One of the ways that Crate and Barrel increases the perceived value of their products has nothing to do with the products themselves. Crate and Barrel uses corporate philanthropy to raise their products’ perceived value. The company spends part of their advertising dollars to buy gift certificates for customers to spend on DonorsChoose for any charity they want.

People who donate money to DonorsChoose are more likely to shop at Crate and Barrel for products that they can buy in more than one place. In a case study regarding Crate and Barrel’s corporate philanthropy, 82 percent said they would consider Crate and Barrel for their next home furnishing purchase over 79 percent of the control group and 86 percent perceived Crate and Barrel as a high-quality company compared to 76 percent of the control group.

In this case study, the perceived value had nothing to do with the products at all. Instead, it was related only the actions of the company.

Perception is Up to the Beholder

Ultimately, perception is up to the perceiver. You can tell someone that one product or service is better than another and give them 20 reasons why with statistics to back them up, but if that person perceives a higher value in a different product, they will stay true to that product. Perceived value can often go beyond what most people would consider common sense. For instance, many people will stand in long lines to get a free doughnut while they could spend under $1.00 and buy it in just a few minutes. The fact that the doughnut is free makes it worth more in the mind of the perceiver. On the other hand, if the same person believes that their time has more perceived value than a free doughnut, they will not be willing to stand in the long line and wait for it. Perhaps if the free doughnut didn’t require a long wait, they might change their mind.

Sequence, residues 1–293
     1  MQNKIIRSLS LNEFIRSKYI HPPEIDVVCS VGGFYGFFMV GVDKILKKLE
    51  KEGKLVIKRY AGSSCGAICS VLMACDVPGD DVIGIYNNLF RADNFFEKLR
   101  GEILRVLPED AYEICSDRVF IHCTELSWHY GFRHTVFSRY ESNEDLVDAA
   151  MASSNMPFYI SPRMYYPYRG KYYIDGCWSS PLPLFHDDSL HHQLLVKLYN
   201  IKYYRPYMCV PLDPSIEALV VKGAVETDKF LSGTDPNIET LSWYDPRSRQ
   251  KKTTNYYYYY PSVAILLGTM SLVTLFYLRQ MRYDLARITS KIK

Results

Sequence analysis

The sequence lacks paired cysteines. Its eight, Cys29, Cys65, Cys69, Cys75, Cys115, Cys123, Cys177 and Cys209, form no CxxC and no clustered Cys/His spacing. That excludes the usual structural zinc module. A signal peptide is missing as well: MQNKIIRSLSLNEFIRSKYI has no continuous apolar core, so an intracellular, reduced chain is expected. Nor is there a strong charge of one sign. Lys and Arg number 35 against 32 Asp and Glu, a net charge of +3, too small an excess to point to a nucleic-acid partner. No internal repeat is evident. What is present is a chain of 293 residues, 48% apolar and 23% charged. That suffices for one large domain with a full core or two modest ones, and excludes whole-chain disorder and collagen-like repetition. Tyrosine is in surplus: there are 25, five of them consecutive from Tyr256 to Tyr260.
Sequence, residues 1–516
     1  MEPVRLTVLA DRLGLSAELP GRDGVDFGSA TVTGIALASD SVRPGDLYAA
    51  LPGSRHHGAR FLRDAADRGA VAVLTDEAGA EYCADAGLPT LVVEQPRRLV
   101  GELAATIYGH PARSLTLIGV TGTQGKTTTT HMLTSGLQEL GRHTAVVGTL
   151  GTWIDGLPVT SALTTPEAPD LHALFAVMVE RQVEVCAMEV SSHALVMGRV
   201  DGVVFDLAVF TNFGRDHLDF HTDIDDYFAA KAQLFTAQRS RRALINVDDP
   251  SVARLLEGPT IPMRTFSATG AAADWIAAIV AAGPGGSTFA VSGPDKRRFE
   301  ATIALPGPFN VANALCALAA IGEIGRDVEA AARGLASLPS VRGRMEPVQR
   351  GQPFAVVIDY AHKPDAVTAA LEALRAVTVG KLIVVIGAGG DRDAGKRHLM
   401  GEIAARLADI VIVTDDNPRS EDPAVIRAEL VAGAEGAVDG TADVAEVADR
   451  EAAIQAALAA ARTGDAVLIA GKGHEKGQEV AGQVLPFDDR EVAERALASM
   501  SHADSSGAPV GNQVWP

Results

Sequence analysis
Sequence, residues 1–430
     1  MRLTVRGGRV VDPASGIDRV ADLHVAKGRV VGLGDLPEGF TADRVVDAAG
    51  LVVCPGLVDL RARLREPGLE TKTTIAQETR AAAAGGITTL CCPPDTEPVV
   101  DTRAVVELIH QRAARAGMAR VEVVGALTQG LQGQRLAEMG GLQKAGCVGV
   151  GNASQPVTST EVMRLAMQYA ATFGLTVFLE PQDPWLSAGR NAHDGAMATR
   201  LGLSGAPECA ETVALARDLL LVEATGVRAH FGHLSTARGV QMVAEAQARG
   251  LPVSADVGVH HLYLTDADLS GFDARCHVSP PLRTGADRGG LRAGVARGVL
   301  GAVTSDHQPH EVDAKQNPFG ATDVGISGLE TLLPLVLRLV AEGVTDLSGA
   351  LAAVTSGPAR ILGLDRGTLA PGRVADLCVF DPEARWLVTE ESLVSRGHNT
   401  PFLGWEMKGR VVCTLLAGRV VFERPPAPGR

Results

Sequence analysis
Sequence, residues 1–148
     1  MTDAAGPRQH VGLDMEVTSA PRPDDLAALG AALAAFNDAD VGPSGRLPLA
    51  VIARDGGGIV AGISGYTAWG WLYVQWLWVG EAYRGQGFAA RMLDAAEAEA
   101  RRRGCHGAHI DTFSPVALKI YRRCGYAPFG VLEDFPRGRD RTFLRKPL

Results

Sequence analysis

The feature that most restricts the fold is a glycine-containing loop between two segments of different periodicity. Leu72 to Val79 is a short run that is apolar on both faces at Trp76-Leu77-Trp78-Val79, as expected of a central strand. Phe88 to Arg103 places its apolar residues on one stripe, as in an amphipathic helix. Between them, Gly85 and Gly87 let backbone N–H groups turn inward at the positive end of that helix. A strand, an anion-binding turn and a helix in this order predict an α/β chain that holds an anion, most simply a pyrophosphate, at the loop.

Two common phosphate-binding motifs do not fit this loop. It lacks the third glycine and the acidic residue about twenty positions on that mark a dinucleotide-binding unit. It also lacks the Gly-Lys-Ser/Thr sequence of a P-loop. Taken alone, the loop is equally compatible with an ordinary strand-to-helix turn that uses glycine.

Perceived Value for Marketers

Ultimately, a marketer’s job is to increase the perceived value of the product, service or company that they are marketing. Brand marketing effectively increases the perceived value of that brand to a target market. Product or service marketing campaigns work to increase the perceived value of those items. Understanding what a buyer persona values is the key to improving perceived value of what you are marketing.

As you develop the buyer persona(s) for your company, dig deeply into the persona’s beliefs and values to learn where you can influence them to buy your product. It is not really good enough just to know surface information about the persona. You need to understand what makes them into the person they are right now. What has meaning for them and what will induce them to spend money on your products. This concept works for B2C and B2B companies, however in the case of B2B companies; you may need to look at a team of buyers instead of one single buyer.

If you can market to the perceived value of your prospects and/or raise the perceived value in their eyes, then you will achieve more conversions, revenues and sales on an ongoing basis going forward.